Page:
The sleepless woes

Published on May 02, 2015 13:13:09 PM
A new research suggests that people who suffer from insomnia and other sleep disorders have lower level of tolerance towards pain.

The study indicates of an emerging need to improve sleep among patients with chronic pain and vice versa.The findings suggest that psychological factors may contribute to the relationship between sleep problems and pain, but they do not completely explain it.

"While there is clearly a strong relationship between pain and sleep, such that insomnia increases both the likelihood and severity of clinical pain, it is not clear exactly why this is the case,” said lead researcher Borge Sivertsen from the Norwegian Institute of Public Health, Bergen.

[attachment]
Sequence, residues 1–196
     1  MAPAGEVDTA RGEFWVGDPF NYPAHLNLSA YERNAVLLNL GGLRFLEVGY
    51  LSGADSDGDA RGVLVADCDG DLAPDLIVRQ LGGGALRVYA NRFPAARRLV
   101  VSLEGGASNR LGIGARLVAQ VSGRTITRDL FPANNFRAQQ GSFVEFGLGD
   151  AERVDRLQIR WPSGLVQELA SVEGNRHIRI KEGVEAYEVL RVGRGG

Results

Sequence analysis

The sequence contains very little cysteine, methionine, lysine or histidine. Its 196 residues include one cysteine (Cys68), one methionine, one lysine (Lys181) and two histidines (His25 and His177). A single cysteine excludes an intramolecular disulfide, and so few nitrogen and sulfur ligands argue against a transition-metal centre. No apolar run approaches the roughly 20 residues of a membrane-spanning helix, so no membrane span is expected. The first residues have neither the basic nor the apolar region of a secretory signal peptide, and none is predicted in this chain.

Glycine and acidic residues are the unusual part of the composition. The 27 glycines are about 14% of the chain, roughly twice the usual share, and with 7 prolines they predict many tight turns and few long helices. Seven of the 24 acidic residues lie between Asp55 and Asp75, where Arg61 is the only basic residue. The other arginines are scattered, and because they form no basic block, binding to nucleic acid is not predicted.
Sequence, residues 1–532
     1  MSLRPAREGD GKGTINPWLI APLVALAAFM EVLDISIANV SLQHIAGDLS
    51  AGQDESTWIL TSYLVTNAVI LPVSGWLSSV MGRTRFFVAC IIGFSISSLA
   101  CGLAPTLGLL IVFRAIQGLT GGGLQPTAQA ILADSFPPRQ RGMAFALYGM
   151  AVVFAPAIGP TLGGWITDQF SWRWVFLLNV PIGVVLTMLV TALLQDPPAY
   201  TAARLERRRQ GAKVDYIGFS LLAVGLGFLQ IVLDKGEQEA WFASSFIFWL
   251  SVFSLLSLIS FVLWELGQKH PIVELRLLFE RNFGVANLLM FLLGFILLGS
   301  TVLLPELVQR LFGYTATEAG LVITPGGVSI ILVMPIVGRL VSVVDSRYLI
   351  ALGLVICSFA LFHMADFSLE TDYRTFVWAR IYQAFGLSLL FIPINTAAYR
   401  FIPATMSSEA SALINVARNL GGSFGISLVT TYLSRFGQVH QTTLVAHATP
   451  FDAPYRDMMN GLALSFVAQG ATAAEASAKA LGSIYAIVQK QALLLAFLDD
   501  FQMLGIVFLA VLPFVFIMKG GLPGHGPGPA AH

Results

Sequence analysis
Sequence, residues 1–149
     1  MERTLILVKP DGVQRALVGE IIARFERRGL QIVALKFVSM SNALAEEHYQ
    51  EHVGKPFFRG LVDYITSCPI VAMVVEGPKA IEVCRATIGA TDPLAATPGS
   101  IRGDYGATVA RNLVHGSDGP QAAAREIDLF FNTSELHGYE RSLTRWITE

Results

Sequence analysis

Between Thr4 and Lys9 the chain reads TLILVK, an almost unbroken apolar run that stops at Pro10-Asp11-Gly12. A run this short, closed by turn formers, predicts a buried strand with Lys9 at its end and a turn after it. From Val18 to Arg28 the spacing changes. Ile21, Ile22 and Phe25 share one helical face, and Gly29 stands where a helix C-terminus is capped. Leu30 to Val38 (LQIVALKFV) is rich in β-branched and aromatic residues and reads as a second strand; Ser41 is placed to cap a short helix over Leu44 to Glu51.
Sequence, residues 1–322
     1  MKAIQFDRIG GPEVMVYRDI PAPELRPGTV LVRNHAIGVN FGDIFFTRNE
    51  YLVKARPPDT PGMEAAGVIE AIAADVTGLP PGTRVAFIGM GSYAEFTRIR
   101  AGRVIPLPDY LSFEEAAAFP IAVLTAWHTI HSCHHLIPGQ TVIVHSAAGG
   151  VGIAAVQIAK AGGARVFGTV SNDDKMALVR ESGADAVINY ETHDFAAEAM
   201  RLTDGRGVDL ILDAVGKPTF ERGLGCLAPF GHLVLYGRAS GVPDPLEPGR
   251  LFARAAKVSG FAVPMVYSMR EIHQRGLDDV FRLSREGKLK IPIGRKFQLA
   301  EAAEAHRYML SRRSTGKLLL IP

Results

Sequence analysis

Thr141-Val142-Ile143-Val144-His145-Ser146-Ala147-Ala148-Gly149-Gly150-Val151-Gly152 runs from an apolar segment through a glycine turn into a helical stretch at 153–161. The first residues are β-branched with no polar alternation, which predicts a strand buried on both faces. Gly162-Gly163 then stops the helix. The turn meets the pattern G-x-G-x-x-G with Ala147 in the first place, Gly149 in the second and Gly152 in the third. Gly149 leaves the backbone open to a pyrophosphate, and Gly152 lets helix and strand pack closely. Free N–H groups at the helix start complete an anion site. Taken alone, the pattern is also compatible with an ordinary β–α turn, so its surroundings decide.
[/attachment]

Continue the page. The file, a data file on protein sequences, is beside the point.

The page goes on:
The research comprised more than 10,400 adults for Norwegian health study. Each participant underwent a standard test of pain sensitivity — the cold pressor test — in which the participants were asked to keep their hand submerged in cold water.

Overall, 32 percent of participants were able to keep their hand in the cold water for duration of 106-seconds.Participants with insomnia were more likely to remove their hand from cold water. Pain sensitivity increased with both the frequency and severity of insomnia.

Pain sensitivity was also connected to sleep latency that is the amount of time it takes to fall asleep.